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Discussion in 'The Mainboard' started by bhrangerfan0809, Aug 3, 2015.
Why would I watch a baseball game with you or dblplay1212?
Your hatred of me is weird considering I can only remember a couple conversations I've ever had with you on here. This is going back a bunch of years now.
I don’t hate you at all. I hate your viewpoint on baseball
Had to show ignore to see who this was referring to. He doesnt hate you. He just hates that you know more about baseball than he does. Instead of educating himself, he's wrapped himself proudly in a blanket of ignorance. Instead of educating himself like I was forced to do, he's taken a stance that everything he doesn't understand is worthless and dumb. He and his little buddy are now waging a war against stats they dont eveb understand.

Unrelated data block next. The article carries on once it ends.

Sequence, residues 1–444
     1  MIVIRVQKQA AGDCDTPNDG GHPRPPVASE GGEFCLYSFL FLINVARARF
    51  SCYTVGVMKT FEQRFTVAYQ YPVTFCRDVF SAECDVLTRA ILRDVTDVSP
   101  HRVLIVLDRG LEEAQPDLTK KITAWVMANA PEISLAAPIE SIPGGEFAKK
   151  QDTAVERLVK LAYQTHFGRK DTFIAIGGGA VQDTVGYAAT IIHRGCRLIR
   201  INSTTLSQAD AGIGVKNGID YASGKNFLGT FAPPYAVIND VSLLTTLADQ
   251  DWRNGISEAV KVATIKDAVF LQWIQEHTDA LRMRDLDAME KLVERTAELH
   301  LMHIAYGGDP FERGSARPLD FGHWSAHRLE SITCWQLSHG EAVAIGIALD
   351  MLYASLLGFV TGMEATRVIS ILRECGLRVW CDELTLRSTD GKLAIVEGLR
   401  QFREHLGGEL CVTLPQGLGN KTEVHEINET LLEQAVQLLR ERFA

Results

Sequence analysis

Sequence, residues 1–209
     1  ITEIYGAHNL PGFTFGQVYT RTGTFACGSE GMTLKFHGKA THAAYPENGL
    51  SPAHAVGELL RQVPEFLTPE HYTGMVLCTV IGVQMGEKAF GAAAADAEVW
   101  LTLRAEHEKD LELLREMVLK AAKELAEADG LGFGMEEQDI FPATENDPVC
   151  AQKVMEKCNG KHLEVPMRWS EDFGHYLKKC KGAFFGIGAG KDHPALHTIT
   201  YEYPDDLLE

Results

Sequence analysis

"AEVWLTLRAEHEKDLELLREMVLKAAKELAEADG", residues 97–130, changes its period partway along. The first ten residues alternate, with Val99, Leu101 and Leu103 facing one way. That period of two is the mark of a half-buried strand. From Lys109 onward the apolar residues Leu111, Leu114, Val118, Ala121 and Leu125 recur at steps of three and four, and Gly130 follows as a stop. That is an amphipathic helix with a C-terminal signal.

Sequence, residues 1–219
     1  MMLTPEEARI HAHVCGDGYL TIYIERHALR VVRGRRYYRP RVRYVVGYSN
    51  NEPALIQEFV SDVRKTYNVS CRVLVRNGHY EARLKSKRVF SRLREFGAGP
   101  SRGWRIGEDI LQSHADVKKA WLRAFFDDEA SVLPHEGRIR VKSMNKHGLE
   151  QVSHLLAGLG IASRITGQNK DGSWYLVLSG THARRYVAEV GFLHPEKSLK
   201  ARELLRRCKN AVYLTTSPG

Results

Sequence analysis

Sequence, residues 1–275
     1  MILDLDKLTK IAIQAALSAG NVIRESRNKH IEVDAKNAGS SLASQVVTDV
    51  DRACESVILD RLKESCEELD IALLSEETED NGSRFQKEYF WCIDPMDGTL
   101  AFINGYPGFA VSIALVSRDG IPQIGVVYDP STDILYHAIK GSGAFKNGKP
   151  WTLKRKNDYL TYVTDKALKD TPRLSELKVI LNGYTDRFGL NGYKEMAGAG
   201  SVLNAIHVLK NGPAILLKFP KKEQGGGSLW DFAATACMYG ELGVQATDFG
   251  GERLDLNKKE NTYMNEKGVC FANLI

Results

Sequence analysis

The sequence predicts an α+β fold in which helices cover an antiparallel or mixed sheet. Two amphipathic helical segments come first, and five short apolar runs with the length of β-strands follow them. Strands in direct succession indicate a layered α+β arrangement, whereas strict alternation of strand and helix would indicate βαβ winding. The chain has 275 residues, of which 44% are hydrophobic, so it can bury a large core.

You're better off just ignoring him.
I think (like most logical people) that tony gwynn is not barely better than kenny lofton
“you're just waging a war on stats and i am gonna tell everyone how i have you ignore for the hundredth time!”
sorry for de-railing the thread with the controversial take everyone let’s just move on
why would you have devine on ignore?
nobody takes him seriously (this is a compliment in this instance btw).
Him and Tobias have taken to the MLB thread and constantly try to troll with terrible opinions completely void of fact. Just got old reading his crusade on stats, you know actual factual data. Like his goal in life is to prove that WAR is worthless.
Would dbl ignore anyone if he couldn’t tell people about it? I mean from this month alone
Why do most logical people think Tony Gwynn was considerably better than Kenny Lofton? This is kind of the crux of the argument when it comes to stuff like WAR.